Matt Hancock announced he will not be standing as an MP in a letter that suggested he’d undergone a political epiphany during his spell in the I’m A Celebrity jungle, though it’s not clear whether this came while munching on camel’s penis.
The former health secretary’s missive to Rishi Sunak reflects on how he’s discovered a “whole new world of possibilities” and is anxious to spread his gospel of Matthew away from parliament.
The letter – in common with his influencer-aping TikTok post – characterises the decision as voluntary, and his political career as one garlanded with achievements.
But reading between the lines it’s far less clear whether he’s the Messiah, as presented, or a very naughty boy (with apologies to Monty Python).
1. He was caught breaking his own rules
Not mentioned at all is the reason why Hancock fell down the political pecking order in the first place, awakening a mission to take the good word of politics elsewhere.
Hancock broke coronavirus social distancing rules during the pandemic by having an affair in his ministerial office with aide Gina Coladangelo, which was exposed by The Sun newspaper.
And it appears Hancock’s first instinct was not to quit.
In the latest extract of his pandemic diary, Hancock said then prime minister Boris Johnson had assured him he could carry on. “Well, you haven’t broken the law,” Johnson replied. “The guidelines aren’t binding – they’re recommendations. So I will stand by you.”
It was only after he found himself “increasingly isolated” politically he said he was left with no choice but to quit. How honourable.
2. Overlooked by Rishi Sunak
In his letter, Hancock expresses his zeal to “reconnect with the public we serve” and “find new ways to reach people”.
“I have discovered a whole new world of possibilities which I am excited to explore,” he wrote, giddily.
What he fails to mention – again – is the political reality that prompted his infamous effort to “reconnect” by eating camel’s penis, sheep’s vagina and cow’s anus on I’m a Celebrity.
When Rishi Sunak became prime minister, he brought back into the cabinet many of those relegated to the backbenches in the dog days of Johnson’s leadership and Liz Truss’s blink-and-you’ll-miss-it time at No. 10.
But Hancock was not one of the comeback kids, effectively drawing a veil over his career on the Tory frontline. A viral clip of Sunak giving his former cabinet colleague the cold shoulder just after winning the Tory leadership contest underlined how Hancock now resides in a political Serbia.
3. Jumped before he was pushed?
Hancock was stripped of the Tory whip after it emerged he was joining the reality TV show, meaning he was suspended from the parliamentary Conservative party and had to sit as an independent MP.
In his letter, Hancock claimed that the Conservative chief whip, Simon Hart, had told him that the whip would be restored “in due course” – suggesting that he would be able to stand as a Tory if he wished.
But the i newspaper reported soon after the letter was published that Hancock’s decision came after his local constituency chairman wrote to Hart saying that the MP is “not fit to represent this constituency”. It reported Hancock’s local newspaper was expected to publish the letter on Thursday.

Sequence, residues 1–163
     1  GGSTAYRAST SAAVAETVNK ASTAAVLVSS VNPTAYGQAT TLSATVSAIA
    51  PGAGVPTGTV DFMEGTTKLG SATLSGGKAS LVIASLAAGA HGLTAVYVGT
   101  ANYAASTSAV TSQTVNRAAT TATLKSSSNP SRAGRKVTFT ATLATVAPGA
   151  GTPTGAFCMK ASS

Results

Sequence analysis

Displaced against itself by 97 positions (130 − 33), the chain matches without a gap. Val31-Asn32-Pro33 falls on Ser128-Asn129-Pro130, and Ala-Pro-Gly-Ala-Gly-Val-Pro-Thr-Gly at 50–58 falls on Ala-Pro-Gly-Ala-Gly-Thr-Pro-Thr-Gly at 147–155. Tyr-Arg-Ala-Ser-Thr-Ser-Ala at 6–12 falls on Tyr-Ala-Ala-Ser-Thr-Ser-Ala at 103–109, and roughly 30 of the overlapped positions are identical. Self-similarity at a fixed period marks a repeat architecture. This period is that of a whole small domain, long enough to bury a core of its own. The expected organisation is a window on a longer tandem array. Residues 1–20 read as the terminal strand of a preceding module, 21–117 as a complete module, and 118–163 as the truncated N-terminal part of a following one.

Allies of Hancock have pushed back against the idea that he had lost a vote of confidence, and that the sitting MP would have been de-selected as the party’s candidate for West Suffolk at the next election.
Still, it’s clear there is deep unease about Hancock among local activists.
West Suffolk Tory councillor Ian Houlder said: “I think he was up the creek without a paddle as far as not being the MP for West Suffolk was concerned.
“He was looking at his options quite rightly as anybody would and he’s gone for the money.”
4. Covid success questioned
In the jungle, Hancock breezily defended his handling of Covid-19 to campmates, and the unwavering sense he got the big decisions right are echoed in the letter.
“The first vaccine in the world, and a shorter lockdown, fewer jobs lost, and lower mortality than comparable countries” features in his list of “incredibly proud” achievements.
But let’s remember, figures show more than 200,000 people with Covid have died in the UK to date, and the government’s decision to delay a first lockdown has been described by MPs as a “serious error” and part of one of the “biggest health failures the UK has ever experienced”.
A public inquiry into the government’s handling of Covid will not begin until next year, but Hancock has already been using his diaries to get his side of the story into the public domain.
Hancock claims he was told by chief medical officer for England, Professor Sir Chris Whitty, in January 2020 that in a “reasonable worst case scenario” as many as 820,000 could die.
However, he said that when he passed on the warning to fellow ministers at a cabinet meeting three days later, the reaction was “shrug shrug” as they did not really believe it.
Hancock does not record whether he was “incredibly proud” of this.
5. Didn’t he say he wouldn’t quit yesterday?
Hancock’s letter also seems to fail a cursory smell test based on his insistence up until very recently that he would stand again – with the political editor of the Daily Mirror suggesting this was the position just 24 hours ago.
Ahead of his return to Westminster a week ago after his stint in the jungle, his team said Hancock has “no intention of standing down or stepping away from politics”.